Women’s History Month: The women who came before #MeToo and #TimesUp

Throughout history, women’s voices have been silenced. Many powerful activists for women’s rights have paved a way for more women to speak out. Recent movements like #TimesUp and #MeToo provide platforms for all people who identify as women and all those who have been abused and harassed to step forward and share their stories. During Women’s History Month, Day One recognizes and celebrates women that began the fight and encouraged each other to stand together against sexual violence and inequality.

Powerful Women Shout-outs

Simone de Beauvoir - 1949 - Simone is famous for her book, The Second Sex, in which she points out the issues of patriarchy and explores how it oppresses women. She received huge backlash for speaking out, but paved the way for feminists everywhere.

Edith Green - 1960’s - Edith was one of few women in Congress during the 1960’s, serving as an Oregon Representative. She composed the bill that is now known as Title IX, banning sex discrimination in federally funded schools. This allowed women to attend college and provided access to women’s athletics.

Anita Hill - 1991 - When the grey area of acceptable work behavior and banter was still being determined, Anita Hill submitted a statement regarding the sexual harassment she endured from U.S. Supreme Court Nominee Clarence Thomas when he was her boss. Although he still secured his spot, Anita’s fight opened the door for women to speak up and forced national attention to sexual harassment issues.

Ruth Bader Ginsberg - 1993 - Ruth was appointed the second female Supreme Court Justice after co-founding the Women’s Rights Law Reporter in 1970, and starting the “Women’s Rights Project” at the American Civil Liberties Union. She has consistently fought for women’s rights and voices everywhere to this day.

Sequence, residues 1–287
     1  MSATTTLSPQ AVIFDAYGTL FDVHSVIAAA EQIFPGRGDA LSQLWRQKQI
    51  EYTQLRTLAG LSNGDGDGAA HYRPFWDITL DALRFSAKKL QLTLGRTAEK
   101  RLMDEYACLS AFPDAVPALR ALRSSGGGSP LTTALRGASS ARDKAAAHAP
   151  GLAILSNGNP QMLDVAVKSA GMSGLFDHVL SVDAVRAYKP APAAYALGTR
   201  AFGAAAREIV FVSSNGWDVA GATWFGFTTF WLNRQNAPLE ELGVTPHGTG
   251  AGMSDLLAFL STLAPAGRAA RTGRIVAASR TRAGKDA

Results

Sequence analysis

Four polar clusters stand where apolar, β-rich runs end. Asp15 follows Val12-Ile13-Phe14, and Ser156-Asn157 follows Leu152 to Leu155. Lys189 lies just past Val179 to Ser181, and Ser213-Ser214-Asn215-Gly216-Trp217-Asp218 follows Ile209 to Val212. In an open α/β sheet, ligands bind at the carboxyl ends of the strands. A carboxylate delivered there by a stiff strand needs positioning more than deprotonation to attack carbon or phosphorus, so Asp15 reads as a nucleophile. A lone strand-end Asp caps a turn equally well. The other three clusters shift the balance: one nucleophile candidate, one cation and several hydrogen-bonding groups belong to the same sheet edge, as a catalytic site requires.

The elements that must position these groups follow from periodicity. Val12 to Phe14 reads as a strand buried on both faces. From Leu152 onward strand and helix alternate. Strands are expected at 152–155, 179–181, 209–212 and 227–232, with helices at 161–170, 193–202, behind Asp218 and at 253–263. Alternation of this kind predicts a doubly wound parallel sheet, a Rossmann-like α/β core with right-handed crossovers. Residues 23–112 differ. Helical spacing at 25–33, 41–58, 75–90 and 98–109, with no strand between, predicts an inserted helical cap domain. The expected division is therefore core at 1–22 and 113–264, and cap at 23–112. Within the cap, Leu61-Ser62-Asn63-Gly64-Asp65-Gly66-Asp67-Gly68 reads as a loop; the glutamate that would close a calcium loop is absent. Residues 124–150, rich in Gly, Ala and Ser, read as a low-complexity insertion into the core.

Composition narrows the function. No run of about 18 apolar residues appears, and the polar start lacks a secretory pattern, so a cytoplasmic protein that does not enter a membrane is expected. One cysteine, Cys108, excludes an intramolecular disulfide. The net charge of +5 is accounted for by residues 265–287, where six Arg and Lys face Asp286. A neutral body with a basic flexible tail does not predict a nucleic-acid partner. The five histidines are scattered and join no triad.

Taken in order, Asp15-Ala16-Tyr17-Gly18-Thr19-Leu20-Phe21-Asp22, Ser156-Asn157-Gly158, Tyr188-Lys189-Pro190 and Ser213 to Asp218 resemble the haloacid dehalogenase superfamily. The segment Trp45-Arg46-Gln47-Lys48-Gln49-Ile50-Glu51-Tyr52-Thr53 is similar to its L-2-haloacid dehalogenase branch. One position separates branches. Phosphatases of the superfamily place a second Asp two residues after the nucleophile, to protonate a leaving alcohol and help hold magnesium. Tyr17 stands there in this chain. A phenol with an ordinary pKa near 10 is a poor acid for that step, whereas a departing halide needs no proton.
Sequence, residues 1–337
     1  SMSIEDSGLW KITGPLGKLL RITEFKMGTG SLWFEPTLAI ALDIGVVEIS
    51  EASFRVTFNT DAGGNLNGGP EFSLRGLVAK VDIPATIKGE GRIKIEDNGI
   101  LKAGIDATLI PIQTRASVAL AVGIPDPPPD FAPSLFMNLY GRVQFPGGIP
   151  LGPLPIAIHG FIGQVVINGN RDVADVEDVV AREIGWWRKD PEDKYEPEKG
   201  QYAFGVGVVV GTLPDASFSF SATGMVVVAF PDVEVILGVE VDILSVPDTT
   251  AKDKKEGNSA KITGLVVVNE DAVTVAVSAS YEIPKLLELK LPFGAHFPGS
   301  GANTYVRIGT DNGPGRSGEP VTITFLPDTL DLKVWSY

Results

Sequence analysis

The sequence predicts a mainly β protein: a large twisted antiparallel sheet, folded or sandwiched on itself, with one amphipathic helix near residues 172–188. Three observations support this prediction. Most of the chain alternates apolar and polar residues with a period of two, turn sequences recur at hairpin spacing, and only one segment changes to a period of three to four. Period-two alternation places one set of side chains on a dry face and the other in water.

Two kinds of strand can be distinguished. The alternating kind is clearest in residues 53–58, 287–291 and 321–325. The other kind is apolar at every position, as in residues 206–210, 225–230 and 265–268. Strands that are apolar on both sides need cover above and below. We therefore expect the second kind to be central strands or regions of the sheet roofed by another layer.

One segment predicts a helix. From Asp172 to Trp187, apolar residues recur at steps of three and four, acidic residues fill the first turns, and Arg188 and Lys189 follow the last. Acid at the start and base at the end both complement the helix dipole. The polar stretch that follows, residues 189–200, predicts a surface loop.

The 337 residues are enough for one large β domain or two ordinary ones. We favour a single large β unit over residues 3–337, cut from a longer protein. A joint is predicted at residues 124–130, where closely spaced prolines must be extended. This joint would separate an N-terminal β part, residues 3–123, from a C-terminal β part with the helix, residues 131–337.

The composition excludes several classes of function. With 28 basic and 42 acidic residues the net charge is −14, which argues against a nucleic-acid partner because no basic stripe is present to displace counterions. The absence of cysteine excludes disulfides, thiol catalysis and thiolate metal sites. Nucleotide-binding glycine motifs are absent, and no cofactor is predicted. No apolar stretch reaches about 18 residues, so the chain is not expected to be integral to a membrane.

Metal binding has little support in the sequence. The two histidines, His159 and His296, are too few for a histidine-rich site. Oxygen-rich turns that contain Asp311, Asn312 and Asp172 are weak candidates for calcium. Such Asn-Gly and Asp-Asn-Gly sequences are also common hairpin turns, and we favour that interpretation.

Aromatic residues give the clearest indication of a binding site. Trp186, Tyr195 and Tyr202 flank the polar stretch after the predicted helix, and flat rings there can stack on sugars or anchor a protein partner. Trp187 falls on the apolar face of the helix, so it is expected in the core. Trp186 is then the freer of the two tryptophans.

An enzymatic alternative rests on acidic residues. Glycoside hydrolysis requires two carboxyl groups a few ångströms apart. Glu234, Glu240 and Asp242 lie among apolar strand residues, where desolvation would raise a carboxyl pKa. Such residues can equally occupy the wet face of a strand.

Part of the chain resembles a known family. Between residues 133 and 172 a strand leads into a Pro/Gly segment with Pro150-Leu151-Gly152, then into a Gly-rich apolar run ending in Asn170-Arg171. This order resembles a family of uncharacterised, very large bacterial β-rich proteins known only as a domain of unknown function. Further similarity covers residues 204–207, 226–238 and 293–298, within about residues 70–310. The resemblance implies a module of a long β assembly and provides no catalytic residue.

All Those Speaking Out Against Inequality and Sexual Violence

Many women and supporters have joined the fight recently. Follow these powerful women and mirror their strength in your daily life to celebrate Women’s History Month and every month!

#MeToo

The #MeToo Movement was founded by Tarana Burke about 10 years ago to support survivors of sexual assault, particularly women of color. The movement recently received a new burst of support when Alyssa Milano, an actress from the T.V. show Charmed, encouraged her fellow women in the industry to stand together by sharing the hashtag #MeToo on social media. This sparked a following of more than just those in the entertainment industry and brought to light the large number of women who have experienced harassment and/or violence in their lifetimes.

Here are a few ways to get involved and support this movement:

  • Share #MeToo on social media, if you’ve experienced sexual violence and feel comfortable sharing

  • Join the movement and receive updates on the website

Time’s Up

Time’s Up was started at the beginning of 2018 by women who work in the entertainment industry. The campaign focuses on recognizing the issue that power imbalances cause within the workplace The campaign’s letter of solidarity reaches out to women that may feel small and voiceless in workplaces with men in positions of power. The campaign aims to hold workplaces responsible for safety and support in such situations.

Here are a few ways to get involved and support this campaign:

  • Share #TimesUp on social media to spread the word

  • Educate yourself on current inequality issues

What can you do? 

Here are things you can do in your everyday life:

  • Support loved ones who have experienced sexual violence and provide them with resources if they are interested

  • Speak out and get help when witnessing a dangerous situation

  • Start a conversation on topics like sexual harassment and stay informed

  • Educate yourself on your rights with free guides from Day One

  • Donate to local campaigns and nonprofits that provide services and support